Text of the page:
- Objective – We specified MSE (mean square error) as our objective, which is a common metric for evaluation of regression problems.
- Max runtime –This parameter denotes how long the model training can run. Specifying a larger value may help create a better tuned model. The default value for this parameter is 5400 (90 minutes). For this example, we set it to 15000.
The preceding statement takes a few seconds to complete. It initiates an Amazon SageMaker Autopilot process in the background to automatically build, train, and tune the best ML model for the input data. It then uses Amazon SageMaker Neo to deploy that model locally in the Amazon Redshift cluster or Amazon Redshift Serverless as a user-defined function (UDF). You can use the SHOW MODEL command in Amazon Redshift to track the progress of your model creation, which should be in the READY state within the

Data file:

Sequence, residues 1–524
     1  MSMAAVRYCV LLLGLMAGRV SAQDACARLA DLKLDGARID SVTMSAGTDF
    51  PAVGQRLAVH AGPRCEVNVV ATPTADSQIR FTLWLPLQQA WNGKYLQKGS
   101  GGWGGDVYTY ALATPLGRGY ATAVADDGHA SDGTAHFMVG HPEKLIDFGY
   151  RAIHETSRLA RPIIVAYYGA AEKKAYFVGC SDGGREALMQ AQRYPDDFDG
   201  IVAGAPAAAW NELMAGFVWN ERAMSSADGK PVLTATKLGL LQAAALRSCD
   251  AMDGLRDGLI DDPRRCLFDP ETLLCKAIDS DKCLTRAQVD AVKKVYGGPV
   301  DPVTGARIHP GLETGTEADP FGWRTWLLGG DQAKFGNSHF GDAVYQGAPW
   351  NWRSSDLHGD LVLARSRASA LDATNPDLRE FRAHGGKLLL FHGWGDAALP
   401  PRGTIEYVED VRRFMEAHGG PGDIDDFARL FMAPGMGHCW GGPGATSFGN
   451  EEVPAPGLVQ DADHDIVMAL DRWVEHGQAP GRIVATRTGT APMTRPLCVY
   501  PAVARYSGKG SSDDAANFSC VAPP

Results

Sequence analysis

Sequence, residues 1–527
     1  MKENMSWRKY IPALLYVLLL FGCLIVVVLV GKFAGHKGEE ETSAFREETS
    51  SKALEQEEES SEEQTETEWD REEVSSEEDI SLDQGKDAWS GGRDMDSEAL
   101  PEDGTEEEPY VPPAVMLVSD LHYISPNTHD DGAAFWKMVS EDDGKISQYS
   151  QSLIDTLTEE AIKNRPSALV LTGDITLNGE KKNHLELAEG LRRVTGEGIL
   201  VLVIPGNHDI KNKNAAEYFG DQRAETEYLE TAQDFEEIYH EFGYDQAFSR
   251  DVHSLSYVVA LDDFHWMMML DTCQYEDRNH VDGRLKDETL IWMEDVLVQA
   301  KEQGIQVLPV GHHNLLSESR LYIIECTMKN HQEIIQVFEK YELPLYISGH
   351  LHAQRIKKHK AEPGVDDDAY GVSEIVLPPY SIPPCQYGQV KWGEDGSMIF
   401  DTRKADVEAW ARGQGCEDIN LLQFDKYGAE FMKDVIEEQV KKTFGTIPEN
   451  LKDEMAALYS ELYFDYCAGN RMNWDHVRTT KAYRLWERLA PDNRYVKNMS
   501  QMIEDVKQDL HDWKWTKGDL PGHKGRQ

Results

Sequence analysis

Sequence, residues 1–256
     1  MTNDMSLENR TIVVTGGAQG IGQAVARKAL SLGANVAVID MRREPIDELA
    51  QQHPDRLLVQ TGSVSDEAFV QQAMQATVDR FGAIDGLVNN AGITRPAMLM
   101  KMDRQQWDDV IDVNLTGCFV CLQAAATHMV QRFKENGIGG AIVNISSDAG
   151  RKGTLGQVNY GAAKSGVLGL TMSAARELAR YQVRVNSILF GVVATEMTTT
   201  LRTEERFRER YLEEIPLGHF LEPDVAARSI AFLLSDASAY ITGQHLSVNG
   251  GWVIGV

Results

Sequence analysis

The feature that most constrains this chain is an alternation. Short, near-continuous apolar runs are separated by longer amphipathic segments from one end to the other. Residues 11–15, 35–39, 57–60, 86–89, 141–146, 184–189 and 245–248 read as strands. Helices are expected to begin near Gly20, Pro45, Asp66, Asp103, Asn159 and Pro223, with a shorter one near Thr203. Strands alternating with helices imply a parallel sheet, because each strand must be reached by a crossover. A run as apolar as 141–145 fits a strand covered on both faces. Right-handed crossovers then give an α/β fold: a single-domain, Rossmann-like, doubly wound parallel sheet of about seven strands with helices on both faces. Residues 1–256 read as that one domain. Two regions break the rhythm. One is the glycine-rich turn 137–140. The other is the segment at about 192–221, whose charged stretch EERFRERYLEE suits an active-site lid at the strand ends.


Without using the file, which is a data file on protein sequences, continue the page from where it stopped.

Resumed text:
max_runtime parameter you defined while creating the model.
To check the status of the model, use the following command:
The following is the tabular outcome for the preceding command after model training was done. It took approximately 120 minutes to train the model.
|Creation Time||Tue, 10.05.2022 19:42:33|
|Query||SELECT SEX , LENGTH , DIAMETER , HEIGHT , WHOLE , SHUCKED , VISCERA , SHELL, RINGS AS TARGET_LABEL|
|AutoML Job Name||redshiftml-20220510194233380173|
|Function Parameters||sex length diameter height whole shucked viscera shell|
|Function Parameter Types||bpchar float8 float8 float8 float8 float8 float8 float8|
We notice from the preceding table that the MSE for the training data is 4.08. Now let’s run the prediction query and validate the accuracy of the model on the testing and validation dataset:
The following is the outcome from the query:
The MSE value from the preceding query results indicates that our model is accurate enough to the actual values from our validation dataset.
We can also observe that Redshift ML is able to identify the right combination of features to come up with a usable prediction model. We can further check the impact of each attribute and its contribution and weightage in the model selection using the following command:
The following is the outcome, where each attribute weightage is representative of its role in model decision-making:
Use case 2: Multi-class classification